“CLIMATE grief” is overwhelming many Australians who now suffer from “eco-despair” because of global warming, the ABC has warned.
The national purveyor of climate doom published an article today warning that constant reporting of doom was creating a sense of doom that could leave many Australians feeling doomed.
ABC health reporter Paige Cockburn wrote:
“Feeling miserable, anxious, helpless and just generally terrible because the world is becoming less habitable? You’re not alone.
“Climate grief — or eco anxiety/despair — is a strong psychological response to the current and future loss of habitats, species and ecosystems.
“It’s recognised by the Australian Psychological Society (APS) and sufferers may feel emotions like fear, anger, guilt, shame, grief, loss and helplessness.”
Returned veterans suffering from PTSD will be heartened to learn that a bunch of activists now know just how they feel because CO2.
Of course, the best remedy for climate grief would be a strong dose of empirical scientific evidence.
Failing that, teachers and politicians could stop trying to create an environment of hysteria. Or we could simply defund the ABC.
But since those options are about as likely as a Tim Flannery climate prediction coming true, what to do with the growing number of traumatised people racked with guilt and shame every time they switch on a light?
How do we help good people who can’t even start their car engine in the morning without hearing in the back of their mind an angry Swedish teenager chiding them “How dare you”?
Fear not, The Australian Psychology Society has devoted much of its website to helping people “cope with climate change distress”.
The Society warns that failure to process feelings of grief or guilt about climate change could lead to people being overwhelmed and unable to function in their everyday lives.
This could explain why Greens like Adam Bandt and Sarah Hanson-Young make so little sense. Emotional wrecks are unsuitable for involvement in public debate.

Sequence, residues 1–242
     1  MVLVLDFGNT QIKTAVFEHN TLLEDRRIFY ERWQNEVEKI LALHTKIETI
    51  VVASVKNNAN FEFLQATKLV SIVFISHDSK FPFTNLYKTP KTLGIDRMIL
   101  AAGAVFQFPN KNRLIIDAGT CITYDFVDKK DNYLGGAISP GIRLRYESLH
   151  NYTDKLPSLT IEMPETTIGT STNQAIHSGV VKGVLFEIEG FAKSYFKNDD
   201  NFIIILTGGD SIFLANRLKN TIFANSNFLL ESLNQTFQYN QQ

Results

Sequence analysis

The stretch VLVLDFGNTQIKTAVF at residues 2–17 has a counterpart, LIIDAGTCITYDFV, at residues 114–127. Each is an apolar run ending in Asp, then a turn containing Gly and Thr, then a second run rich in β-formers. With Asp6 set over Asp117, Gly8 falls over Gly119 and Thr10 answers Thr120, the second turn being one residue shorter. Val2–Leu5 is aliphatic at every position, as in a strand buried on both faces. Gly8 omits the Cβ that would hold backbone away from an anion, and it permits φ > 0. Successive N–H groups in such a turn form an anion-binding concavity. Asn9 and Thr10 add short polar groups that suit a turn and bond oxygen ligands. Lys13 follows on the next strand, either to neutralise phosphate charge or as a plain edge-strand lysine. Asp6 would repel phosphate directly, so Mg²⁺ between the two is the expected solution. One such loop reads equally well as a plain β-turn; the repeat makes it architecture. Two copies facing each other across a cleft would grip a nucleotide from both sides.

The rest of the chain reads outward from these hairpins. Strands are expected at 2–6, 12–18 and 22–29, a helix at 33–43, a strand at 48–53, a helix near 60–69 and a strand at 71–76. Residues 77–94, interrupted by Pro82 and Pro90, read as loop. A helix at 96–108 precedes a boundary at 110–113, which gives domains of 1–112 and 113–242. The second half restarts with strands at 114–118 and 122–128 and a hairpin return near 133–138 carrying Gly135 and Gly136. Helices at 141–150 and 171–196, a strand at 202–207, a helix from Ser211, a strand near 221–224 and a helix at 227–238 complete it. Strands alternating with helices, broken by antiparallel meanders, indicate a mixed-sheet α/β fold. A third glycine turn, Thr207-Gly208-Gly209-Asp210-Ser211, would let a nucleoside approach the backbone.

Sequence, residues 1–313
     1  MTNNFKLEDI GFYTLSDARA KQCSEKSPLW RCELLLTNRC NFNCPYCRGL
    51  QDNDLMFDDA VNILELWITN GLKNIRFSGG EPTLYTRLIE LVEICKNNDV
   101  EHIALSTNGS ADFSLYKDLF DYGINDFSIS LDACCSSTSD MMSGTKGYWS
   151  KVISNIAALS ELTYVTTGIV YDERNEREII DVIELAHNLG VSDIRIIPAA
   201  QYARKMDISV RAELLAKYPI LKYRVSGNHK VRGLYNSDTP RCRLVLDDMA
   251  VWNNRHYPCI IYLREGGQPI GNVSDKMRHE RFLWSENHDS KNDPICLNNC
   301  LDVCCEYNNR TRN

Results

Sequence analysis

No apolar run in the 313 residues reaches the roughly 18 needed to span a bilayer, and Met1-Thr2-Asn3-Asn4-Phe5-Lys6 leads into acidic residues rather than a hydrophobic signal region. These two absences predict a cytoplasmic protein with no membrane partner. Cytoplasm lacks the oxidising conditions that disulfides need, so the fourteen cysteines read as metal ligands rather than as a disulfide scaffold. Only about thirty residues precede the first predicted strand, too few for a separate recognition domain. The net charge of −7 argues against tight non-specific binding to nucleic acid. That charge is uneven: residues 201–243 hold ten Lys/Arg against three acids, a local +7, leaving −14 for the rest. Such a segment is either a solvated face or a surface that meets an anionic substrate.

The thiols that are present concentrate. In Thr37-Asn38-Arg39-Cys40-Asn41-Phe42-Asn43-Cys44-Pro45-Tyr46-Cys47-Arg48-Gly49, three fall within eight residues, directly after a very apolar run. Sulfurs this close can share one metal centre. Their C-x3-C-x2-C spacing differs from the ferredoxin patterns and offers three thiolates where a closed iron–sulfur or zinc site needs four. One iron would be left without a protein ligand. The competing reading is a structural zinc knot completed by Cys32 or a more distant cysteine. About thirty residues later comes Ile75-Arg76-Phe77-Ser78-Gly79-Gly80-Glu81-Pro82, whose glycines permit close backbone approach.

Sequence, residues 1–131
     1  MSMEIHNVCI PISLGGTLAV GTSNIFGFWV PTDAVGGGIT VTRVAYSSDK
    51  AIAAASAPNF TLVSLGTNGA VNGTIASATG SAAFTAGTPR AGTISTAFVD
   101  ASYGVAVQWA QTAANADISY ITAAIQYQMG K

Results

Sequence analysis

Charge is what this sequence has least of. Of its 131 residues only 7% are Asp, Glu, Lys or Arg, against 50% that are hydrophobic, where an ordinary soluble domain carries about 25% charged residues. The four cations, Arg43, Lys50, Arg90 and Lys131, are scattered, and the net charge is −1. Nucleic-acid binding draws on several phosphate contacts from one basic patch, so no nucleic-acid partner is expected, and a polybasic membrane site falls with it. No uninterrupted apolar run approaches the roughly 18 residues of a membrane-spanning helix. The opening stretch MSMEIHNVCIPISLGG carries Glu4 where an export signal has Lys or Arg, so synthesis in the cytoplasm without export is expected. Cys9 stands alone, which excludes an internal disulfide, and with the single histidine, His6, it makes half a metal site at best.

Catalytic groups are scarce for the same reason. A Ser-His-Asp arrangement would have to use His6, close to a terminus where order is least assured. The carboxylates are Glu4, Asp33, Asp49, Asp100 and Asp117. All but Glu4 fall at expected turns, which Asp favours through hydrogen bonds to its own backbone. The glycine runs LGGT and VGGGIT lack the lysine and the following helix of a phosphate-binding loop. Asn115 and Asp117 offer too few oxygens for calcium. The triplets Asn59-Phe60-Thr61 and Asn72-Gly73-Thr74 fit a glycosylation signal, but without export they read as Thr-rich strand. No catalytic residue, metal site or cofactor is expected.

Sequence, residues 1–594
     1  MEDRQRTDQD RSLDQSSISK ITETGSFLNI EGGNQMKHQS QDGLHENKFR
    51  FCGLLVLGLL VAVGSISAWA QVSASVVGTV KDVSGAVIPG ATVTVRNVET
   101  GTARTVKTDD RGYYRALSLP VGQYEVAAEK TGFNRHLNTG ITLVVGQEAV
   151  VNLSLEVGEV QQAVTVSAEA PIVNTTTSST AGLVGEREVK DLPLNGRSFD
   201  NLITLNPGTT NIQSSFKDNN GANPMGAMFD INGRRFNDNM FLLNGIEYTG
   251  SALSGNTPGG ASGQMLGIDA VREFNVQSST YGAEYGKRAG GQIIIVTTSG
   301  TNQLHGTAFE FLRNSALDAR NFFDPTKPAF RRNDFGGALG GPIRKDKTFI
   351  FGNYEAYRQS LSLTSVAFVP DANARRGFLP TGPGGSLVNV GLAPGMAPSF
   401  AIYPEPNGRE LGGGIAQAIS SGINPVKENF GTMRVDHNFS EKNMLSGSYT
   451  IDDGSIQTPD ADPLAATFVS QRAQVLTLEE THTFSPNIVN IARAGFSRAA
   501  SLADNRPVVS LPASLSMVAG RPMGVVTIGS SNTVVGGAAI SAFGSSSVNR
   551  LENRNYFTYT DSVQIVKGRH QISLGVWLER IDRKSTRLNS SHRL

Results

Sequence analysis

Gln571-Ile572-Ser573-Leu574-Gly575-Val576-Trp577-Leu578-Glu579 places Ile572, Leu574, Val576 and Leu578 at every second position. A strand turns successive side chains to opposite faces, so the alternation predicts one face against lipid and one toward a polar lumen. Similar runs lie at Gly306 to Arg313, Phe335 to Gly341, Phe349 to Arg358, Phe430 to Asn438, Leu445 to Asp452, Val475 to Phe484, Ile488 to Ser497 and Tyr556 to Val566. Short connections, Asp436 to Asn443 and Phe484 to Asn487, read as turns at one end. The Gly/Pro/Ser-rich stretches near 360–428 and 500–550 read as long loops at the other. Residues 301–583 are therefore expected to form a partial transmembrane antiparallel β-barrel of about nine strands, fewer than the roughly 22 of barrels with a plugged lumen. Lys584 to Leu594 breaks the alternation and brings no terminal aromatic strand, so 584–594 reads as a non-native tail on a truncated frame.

The website recommends climate change worriers consider “having a day job that is separate to your activist work” in order to avoid sinking into a fully-fledged eco-funk.
If getting a job sounds a bit extreme, another coping strategy for those burdened by “the existential threats to civilisation as we know it” is to take what the Australian Psychology Society calls “a doona day”. Because, you know, sometimes you just need to lay in bed while the planet burns and, besides, it beats going to work.
Other coping strategies are to “watch a fire, gaze at a waterfall, or pick flowers without exerting attentional effort”.
If this fails to take your mind off polar bears stranded on ice blocks then the website encourages you to “let yourself have a cry from time to time”.
“Some people find that expressing their sadness by crying can be a relief. It is sad that our planet is struggling to cope with overpopulation and over-consumption. These feelings are real, so let them out” it advises.
Dr Tristan Snell, a counselling psychologist and researcher in environmental psychology at Deakin University told the ABC that “there’s no ritual around loss of environment”.
“When you lose someone, there’s a funeral and all sorts of ways people connect and this helps process that loss. That’s just not the case for loss of environment.”
Someone might like to advise Dr Snell that the Earth is still very much alive. When you want to hold a funeral before the patient has even died, you really are in a bad way!
The ABC article laments the fact that “no research on climate grief among Australian Indigenous people exists”.
No doubt it will be done, because everything – even eco grief – must be viewed through the prism of race. Black Climate Grief Matters.
But it will probably not be done until research on climate grief among the two spirited gender queer trans women is first completed.
While it’s all very well for the ABC to publish articles to assist snowflakes afflicted by climate torment, what about the acute sense of grief and loss the rest of us feel, knowing our taxes are used to pay someone to write this stuff?
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James Macpherson is a sought after international speaker with a background in journalism at the Courier Mail and Daily Telegraph. He previously pastored a significant church in Australia and South Africa. James' weekly Good Sauce podcast comes out every Tuesday. He also writes regularly for The Spectator.